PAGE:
For most mothers of Asian descent, leaving the hospital with their newborns often means reporting to “mum jail,”
as some observers have dubbed it. The age-old tradition of confinement sees mothers limit themselves to the boundaries of their homes — and in some extreme cases, bed — for the next 30 days following delivery. Depending on one’s adherence to tradition, air conditioning, watching television and surfing the internet can all be verboten.
The practice is strict because the time immediately after delivery is seen as a “golden opportunity” — to use the words of one of Taiwan’s first female traditional Chinese medicine (TCM) physicians, Shuqi Zhuang — for a woman to recover after childbirth.
But the tradition is not without its critics. A 2009 study by Josephine Wong and Jane Fisher posits that aspects of the confinement period can “contribute to or fail to protect” against postpartum depression. One anonymous writer who penned an op-ed in Canadian magazine Today’s Parent said that confinement was “a key factor in [her] postpartum misery.”
“I watched life pass us by outside and yearned to feel the vibrant buzz of summer,” wrote the mother, who described how stifled she felt by the constant hovering and oft- unwelcome interventions by her parents and in-laws. “I had nowhere to escape.”
In Asia, confinement facilities have sprung up to address the need. Sanhujoriwons first appeared in Korea in the 1990s as a way for mothers to carry out their confinement periods under the care of healthcare professionals — and away from prying in-laws and parents. More luxurious facilities have also emerged, all lending credence to the phrase “it takes a village to raise a child.”
At Singapore’s first luxury confinement facility, Kai Suites, the old adage is taken quite literally: With 18 private suites and a staff strength of 60 people — made up of a legion of former maternity ward nurses, restaurant-trained chefs and Traditional Chinese Medicine experts — new mothers are promised a wealth of expert advice and assistance to help them through the early days with their new child.
The nursery is staffed around-the-clock by experienced nurses that were formerly from nursing wards. Each cot is also equipped with a CCTV so parents can keep an eye on their newborn.
The facility’s co-founder Kevin Kwee might not have experienced a confinement period personally, but as a father of four, he is intimately acquainted with the process. “The first few weeks after delivery can be a highly sensitive period [for mothers], having undergone drastic physical and emotional changes,” he says. “There may be conflicts in the expectations of how confinement should be carried out, so family dynamics may be affected. So I fully understand the importance of recuperation in an environment where the mother can fully rest and be well taken care of together with her newborn.”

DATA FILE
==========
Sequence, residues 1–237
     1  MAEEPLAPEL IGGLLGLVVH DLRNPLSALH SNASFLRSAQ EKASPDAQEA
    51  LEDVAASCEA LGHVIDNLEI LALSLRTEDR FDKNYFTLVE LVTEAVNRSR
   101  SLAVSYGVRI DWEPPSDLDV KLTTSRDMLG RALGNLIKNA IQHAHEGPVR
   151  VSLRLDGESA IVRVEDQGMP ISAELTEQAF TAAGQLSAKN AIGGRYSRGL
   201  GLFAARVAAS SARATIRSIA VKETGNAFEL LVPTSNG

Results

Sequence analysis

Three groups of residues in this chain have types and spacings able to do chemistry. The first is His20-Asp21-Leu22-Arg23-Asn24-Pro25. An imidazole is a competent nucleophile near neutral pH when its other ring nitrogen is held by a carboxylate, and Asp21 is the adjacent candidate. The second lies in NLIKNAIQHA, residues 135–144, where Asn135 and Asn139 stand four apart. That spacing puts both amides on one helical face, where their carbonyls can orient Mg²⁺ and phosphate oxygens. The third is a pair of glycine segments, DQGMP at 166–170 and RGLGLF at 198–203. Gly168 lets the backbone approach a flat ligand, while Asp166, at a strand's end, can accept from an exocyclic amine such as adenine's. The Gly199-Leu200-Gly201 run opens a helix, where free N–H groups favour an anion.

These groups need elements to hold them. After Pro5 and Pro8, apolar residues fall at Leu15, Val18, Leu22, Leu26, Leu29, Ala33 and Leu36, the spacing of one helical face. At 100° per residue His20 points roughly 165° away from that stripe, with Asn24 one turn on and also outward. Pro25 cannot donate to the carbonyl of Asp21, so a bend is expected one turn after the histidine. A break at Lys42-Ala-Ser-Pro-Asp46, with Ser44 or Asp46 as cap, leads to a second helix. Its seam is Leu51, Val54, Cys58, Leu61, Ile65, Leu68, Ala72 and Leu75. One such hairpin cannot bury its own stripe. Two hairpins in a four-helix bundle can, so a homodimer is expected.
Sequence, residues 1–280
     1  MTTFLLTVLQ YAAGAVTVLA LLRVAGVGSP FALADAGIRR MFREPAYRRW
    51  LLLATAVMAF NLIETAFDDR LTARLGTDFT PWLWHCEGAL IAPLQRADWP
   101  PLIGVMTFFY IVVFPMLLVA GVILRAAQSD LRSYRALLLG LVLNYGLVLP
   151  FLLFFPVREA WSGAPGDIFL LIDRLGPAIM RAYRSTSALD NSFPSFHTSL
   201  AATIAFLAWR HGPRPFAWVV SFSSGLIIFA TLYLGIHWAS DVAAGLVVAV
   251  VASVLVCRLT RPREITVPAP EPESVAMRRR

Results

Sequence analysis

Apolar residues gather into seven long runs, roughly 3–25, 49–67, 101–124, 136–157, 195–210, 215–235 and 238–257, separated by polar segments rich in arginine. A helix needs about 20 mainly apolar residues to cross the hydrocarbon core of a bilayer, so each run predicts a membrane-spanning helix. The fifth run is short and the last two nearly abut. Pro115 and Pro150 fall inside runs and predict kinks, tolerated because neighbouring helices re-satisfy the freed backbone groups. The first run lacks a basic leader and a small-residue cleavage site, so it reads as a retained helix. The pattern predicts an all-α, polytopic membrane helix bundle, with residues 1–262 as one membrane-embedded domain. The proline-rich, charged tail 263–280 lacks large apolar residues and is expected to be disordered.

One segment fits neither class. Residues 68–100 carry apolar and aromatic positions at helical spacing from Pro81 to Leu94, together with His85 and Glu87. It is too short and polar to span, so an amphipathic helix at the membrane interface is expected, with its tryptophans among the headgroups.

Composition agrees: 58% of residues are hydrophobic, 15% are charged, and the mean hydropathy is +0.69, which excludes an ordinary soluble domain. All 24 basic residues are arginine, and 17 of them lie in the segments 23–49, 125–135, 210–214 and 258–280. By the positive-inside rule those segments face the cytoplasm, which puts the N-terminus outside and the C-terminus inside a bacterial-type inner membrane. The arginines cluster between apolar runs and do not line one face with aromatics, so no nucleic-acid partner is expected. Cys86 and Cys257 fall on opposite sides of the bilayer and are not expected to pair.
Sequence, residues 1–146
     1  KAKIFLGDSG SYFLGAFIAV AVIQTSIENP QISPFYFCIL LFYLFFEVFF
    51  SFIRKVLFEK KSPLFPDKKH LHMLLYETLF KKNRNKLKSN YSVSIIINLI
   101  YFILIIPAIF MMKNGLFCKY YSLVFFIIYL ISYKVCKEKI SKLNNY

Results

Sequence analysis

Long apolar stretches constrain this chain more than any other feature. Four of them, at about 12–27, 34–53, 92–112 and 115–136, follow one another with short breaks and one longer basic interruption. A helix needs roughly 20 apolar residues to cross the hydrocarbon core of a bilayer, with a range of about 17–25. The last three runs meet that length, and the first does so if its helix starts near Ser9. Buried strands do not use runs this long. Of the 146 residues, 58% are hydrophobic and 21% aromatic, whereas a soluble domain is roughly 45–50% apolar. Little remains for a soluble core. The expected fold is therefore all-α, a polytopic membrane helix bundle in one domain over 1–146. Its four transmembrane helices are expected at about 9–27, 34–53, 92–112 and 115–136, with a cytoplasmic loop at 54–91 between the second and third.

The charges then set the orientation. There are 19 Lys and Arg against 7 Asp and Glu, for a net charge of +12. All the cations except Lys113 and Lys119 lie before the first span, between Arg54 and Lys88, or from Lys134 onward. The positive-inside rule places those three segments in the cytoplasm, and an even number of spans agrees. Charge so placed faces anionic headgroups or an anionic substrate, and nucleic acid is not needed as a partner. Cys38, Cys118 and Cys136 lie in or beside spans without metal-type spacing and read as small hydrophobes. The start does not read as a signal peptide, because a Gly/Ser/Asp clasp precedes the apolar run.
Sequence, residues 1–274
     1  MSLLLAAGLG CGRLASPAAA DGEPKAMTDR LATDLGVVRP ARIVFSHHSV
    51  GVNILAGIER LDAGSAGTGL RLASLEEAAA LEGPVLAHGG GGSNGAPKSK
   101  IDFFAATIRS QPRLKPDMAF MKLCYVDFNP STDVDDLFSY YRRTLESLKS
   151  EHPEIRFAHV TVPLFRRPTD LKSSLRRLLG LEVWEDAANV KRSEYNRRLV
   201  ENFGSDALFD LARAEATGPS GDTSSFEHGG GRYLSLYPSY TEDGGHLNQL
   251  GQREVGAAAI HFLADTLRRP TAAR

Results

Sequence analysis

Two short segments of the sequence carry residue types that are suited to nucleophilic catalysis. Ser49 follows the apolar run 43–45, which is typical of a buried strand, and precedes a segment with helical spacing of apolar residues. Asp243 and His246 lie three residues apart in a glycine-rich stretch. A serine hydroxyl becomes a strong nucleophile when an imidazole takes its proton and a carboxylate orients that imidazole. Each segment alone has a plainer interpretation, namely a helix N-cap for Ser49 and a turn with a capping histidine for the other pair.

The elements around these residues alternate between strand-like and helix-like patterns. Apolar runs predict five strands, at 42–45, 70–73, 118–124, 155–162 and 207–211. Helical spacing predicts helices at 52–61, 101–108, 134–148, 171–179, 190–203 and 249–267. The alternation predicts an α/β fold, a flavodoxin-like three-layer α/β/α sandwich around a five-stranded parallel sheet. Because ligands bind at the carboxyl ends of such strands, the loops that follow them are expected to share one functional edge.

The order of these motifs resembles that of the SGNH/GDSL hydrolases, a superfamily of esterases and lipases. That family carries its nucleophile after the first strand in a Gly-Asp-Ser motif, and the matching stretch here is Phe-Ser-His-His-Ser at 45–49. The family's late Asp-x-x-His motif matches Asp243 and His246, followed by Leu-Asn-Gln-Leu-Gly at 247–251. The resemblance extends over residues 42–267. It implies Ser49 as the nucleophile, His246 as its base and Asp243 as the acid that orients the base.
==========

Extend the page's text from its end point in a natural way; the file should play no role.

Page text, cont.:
How Kai Suites works is simple: After completing her delivery, the mother, her baby and her partner are whisked to Kai Suites’ quiet Dunearn Road facility by a dedicated limousine service, where she will reside for a period of time of her choosing. A 14-day stay at Kai Suites’ plush, Japanese-inspired facility costs S$14,500, a 28-day stay costs S$25,000, while a 42-day stay costs S$36,500. Included in the price are three customised meals and three customised snacks a day, including around-the-clock care for both mum and baby; post-natal massages and aesthetic treatments at the in-house clinic run by Dr Felix Li come at an additional cost.
All 18 of Kai Suites’ private rooms are equipped with king-sized beds fitted with 600 thread count Egyptian cotton linen. Bedsides feature call buttons that summon a nurse and a well-stocked pillow menu. Newborns are housed in the purpose-built nursery, and are kept under the watchful eye of former maternity ward nurses around the clock. Each cot is equipped with a surveillance camera that is tied to their respective parents’ phones; and the babies can also be moved into the suites upon request.
Meals at Kai Suites are meticulously prepared and overseen by culinary advisor David Yip, a veteran chef, restaurateur and food writer of some two decades. Yip says they gathered some “600 to 700 recipes” while they were planning for Kai Suites’ menu, knowing that food was a vital part in a mother’s postpartum recovery.
“We spoke to many elderly people, including our friends’ mothers and grandmothers,” says Yip. “The same dishes kept coming up — braised black vinegar pork trotters, sesame chicken with yellow wine... we collected over 600 to 700 recipes, so dishes are rarely repeated throughout a stay with us.”